Monash, RMIT, University of Technology Sydney, La Trobe, Central Queensland, Southern Cross and Canberra universities were placed in the highest category of financial management risk, while 13 other universities were considered to be at medium level risk and a further 18 at low-level risk.

“[We are] on target to save at least $9.8m this year alone”

While revenue in the Australian higher education sector grew by 260% from AUD$3.4 billion to $8.8bn between 2009-18, “international student revenue increased as a proportion of total university revenue from 16.7% to 26.2%”, with some universities seeing international student revenue account for almost 40% of income.

The report modelled risk levels based on an optimistic scenario (where borders reopen and student numbers return to 2018 levels by 2024) and a pessimistic scenario (prolonged travel restrictions and a drop in interest), with a 45% and 55% drop in international student revenue across the country next year respectively.

Universities told The PIE News they are working to decrease expenditure. Southern Cross University said it was facing a budget shortfall of up to $58 million over the next two years, with chancellor Nick Burton Taylor adding that it would be “improper and misleading” to suggest there would not be cuts and job losses.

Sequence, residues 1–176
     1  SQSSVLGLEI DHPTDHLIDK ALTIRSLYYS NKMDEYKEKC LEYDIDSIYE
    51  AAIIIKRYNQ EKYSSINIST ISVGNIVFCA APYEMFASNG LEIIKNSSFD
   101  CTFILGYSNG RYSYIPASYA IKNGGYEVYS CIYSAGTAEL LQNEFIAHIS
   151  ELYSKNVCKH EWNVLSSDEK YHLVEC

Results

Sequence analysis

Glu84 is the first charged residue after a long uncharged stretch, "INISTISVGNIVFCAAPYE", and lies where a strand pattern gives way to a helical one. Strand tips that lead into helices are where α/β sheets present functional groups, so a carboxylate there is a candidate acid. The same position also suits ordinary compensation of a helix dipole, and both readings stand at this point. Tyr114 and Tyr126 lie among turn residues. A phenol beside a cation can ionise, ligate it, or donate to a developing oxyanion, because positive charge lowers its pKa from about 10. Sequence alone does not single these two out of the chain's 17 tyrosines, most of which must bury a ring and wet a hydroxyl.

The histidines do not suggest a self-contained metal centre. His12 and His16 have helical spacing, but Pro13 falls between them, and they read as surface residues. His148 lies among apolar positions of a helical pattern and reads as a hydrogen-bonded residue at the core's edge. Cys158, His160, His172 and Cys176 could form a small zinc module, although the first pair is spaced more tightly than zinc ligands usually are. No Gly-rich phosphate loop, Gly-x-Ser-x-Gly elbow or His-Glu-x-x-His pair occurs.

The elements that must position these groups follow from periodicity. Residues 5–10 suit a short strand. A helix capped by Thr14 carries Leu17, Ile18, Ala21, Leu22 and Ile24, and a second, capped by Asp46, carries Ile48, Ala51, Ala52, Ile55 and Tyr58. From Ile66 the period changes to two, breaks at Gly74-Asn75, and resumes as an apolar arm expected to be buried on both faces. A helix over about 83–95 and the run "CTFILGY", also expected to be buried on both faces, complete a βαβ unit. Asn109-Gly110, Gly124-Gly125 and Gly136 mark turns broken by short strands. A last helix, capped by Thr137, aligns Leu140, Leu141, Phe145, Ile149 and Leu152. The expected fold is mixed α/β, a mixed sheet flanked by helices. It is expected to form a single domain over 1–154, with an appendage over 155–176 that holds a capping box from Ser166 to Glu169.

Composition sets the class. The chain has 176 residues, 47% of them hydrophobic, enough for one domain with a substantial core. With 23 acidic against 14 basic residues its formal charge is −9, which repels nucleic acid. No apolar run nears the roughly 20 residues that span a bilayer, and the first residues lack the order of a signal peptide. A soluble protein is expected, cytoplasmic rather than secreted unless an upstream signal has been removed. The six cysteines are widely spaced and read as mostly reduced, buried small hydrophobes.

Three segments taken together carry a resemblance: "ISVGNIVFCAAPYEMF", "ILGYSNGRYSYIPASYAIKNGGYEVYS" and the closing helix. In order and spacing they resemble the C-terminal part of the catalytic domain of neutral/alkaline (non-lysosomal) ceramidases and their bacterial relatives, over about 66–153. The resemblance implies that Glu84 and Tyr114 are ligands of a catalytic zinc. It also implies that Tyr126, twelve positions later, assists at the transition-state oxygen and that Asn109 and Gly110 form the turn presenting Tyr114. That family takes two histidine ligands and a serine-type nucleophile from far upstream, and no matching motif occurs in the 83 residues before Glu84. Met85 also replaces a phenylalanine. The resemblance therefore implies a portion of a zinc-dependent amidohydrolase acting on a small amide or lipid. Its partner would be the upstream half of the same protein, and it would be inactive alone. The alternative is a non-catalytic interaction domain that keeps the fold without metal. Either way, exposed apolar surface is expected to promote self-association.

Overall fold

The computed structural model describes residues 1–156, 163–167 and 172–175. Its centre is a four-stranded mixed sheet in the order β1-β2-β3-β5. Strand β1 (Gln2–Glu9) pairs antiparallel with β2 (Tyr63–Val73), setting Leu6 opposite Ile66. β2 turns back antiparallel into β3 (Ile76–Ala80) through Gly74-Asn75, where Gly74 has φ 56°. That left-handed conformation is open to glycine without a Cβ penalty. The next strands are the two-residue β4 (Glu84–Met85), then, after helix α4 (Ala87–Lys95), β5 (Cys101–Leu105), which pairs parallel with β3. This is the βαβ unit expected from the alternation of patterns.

According to the university, the football centre at Lismore Campus – which costs more than $500,000 a year to run – has been closed.

“Other measures and reforms we have underway are already on target to save at least $9.8m this year alone,” added vice-chancellor Adam Shoemaker.

Central Queensland University’s vice-chancellor and president Nick Klomp told The PIE that the university had “moved on from the financial issues affecting the Australian university sector”, despite the report stating the institution“has barely sufficient reserves to cover international fees losses” and predicts “losses of $72m and $180m… for the optimistic and pessimistic scenarios”.

“We were the first university to take strong and decisive action to recalibrate our ongoing costs to a sustainable level, in response to the impacts of Covid-19. We are now looking ahead to our future as a contemporary, student-centred university,” added Klomp.

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